Author: Bridget Manley
The Harrisonburg City Council re-elected Deanna Reed as mayor and selected Sal Romero as the vice mayor at Wednesday’s organizational meeting.
It’s deja vu with the Democrats seeking the 26th District nomination — but the selection process could be new
It’s beginning to look a lot like 2017. Or is it? Once again Cathy Copeland and Brent Finnegan are vying for a chance to take on Republican incumbent Tony Wilt, who was first elected in 2010. But while the candidates might be the same, the campaigns might look a little different this time, especially if the election process for the Democrats changes.
Almost a year after the city of Harrisonburg began looking at how to regulate Airbnb properties, the city council is still grappling with how to do it in an enforceable and fair way. Now city staff are drafting a two-pronged plan to cover the different ways properties are being rented out through the popular site.
Two years’ work by four committees and many meetings later, Harrisonburg very nearly has a new comprehensive plan. It emphasizes mixed-use zoning––areas that combine residential and other uses, allowing people to live, work, shop and play in the same neighborhood––and was the subject of a public hearing before council on Tuesday night.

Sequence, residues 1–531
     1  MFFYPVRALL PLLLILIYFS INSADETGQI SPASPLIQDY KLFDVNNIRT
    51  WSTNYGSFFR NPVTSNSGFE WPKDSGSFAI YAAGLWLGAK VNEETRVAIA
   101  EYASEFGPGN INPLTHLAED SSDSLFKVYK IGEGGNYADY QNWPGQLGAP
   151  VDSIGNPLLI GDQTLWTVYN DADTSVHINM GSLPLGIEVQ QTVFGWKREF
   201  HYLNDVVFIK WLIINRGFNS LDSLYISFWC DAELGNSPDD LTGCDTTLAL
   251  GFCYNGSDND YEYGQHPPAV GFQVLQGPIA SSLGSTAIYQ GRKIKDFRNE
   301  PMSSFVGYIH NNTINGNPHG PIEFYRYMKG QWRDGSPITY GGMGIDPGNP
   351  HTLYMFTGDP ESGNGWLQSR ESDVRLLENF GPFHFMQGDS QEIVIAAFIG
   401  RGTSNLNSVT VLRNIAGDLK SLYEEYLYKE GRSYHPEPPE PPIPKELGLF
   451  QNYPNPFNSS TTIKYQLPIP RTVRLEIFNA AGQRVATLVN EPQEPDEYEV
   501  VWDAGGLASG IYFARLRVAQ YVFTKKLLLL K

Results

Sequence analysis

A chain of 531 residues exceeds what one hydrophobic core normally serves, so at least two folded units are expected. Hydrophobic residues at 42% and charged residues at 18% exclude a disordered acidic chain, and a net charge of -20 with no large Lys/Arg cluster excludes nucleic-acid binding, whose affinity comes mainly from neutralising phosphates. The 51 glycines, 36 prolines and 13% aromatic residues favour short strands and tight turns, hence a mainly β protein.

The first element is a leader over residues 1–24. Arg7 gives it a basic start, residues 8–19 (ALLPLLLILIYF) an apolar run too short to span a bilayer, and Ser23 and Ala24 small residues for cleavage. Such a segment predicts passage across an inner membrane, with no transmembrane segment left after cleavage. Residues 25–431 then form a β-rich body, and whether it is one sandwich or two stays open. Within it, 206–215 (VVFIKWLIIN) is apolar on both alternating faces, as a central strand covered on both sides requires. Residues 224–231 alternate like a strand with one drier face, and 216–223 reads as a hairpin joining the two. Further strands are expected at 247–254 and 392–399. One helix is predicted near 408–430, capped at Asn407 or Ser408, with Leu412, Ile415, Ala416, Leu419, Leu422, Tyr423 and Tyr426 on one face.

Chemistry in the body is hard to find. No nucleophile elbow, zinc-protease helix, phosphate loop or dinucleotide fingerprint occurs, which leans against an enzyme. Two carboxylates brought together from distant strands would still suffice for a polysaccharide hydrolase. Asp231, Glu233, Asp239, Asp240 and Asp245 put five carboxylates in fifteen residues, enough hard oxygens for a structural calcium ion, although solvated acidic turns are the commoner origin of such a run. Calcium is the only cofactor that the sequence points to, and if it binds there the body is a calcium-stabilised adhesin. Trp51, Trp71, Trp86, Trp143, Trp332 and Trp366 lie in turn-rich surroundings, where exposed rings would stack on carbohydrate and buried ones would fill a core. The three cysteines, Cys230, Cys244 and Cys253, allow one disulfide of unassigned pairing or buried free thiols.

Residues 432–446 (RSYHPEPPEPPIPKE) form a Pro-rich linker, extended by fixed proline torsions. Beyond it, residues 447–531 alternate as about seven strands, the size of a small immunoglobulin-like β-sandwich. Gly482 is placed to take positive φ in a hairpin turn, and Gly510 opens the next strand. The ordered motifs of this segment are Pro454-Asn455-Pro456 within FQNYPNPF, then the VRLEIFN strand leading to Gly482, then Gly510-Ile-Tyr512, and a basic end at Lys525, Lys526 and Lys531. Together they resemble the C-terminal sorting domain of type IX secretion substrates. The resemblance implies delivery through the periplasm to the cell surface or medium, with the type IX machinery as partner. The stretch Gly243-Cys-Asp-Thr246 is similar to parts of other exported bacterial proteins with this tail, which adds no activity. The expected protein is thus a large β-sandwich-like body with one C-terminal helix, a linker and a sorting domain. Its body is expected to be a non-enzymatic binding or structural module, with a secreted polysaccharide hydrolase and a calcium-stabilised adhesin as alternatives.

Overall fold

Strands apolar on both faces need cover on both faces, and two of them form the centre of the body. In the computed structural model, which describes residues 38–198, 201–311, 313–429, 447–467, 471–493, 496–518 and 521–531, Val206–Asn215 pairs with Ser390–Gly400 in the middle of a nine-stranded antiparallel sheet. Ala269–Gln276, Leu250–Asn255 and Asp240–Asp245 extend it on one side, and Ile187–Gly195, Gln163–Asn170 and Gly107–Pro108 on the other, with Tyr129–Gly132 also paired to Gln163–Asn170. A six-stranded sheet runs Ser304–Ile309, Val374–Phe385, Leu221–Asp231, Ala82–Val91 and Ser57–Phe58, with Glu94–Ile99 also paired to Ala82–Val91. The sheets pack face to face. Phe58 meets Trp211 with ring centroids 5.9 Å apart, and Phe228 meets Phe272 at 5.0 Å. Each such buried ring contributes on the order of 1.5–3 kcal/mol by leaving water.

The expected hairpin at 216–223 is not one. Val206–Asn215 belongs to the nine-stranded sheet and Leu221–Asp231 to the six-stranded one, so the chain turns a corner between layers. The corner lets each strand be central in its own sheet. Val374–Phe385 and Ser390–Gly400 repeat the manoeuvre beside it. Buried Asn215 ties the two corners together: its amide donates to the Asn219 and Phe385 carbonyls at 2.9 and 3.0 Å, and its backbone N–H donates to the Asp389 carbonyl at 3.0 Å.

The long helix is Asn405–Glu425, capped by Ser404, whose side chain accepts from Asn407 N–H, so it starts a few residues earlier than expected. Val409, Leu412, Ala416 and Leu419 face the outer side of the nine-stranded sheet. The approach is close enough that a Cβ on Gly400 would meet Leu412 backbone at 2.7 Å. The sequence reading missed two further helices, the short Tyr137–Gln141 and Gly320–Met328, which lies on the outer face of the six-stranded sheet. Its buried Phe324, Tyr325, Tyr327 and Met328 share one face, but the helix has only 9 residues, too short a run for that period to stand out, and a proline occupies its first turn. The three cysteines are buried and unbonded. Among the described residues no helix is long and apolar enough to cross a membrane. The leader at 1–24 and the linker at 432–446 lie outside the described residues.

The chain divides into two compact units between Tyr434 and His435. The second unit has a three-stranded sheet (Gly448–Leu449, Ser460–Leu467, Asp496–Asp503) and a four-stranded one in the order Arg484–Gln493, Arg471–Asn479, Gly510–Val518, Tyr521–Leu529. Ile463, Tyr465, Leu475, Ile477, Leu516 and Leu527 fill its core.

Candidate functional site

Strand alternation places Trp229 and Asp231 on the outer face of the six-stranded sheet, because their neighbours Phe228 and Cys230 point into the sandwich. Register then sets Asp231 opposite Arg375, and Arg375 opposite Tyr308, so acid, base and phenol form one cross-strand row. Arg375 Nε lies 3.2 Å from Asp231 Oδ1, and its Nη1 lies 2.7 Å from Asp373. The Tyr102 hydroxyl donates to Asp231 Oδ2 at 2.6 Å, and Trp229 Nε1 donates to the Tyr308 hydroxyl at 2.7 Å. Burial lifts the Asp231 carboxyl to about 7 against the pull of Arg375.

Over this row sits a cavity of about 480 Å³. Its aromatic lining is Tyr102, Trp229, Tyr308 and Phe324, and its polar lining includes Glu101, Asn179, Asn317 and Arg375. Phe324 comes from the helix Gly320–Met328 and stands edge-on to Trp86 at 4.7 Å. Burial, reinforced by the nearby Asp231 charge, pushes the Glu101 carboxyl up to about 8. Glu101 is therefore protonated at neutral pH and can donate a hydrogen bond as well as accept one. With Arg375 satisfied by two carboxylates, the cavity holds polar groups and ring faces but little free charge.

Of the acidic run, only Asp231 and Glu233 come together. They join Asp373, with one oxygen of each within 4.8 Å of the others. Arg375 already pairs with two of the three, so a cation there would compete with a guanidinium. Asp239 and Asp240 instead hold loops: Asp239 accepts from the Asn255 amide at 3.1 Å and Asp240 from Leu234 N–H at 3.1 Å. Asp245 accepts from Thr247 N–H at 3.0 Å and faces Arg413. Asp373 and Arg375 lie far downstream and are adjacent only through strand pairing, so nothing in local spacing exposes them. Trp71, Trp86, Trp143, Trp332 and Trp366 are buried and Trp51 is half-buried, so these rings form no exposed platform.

In a city with a growing Latino population, there has never been a Latino voice on city council. That will change in January when Sal Romero is sworn in. And Romero also could become Harrisonburg’s first Latino mayor.
Democrats Sal Romero and Chris Jones have won what ended up being a lopsided victory in the five-candidate race for Harrisonburg City Council. Romero finished first with 6,737 votes, while Jones, the only incumbent in the race, came in second with 6,186 votes, according to unofficial Tuesday night returns sent in to the city registrar’s office.
Frank McMillan says he wants to be an independent voice in city government. While his top campaign donors include Republicans office holders as well as local Republican groups, he said he’s not loyal to any party. For instance, he says he believes in promoting environmental sustainability and disagrees with many positions that the Trump administration has taken on immigration.
Sal Romero, a Democrat in the five-candidate field for city council, is hoping the second time’s the charm as he focuses on education and inclusion in this year’s race—eight years after running unsuccessfully for council.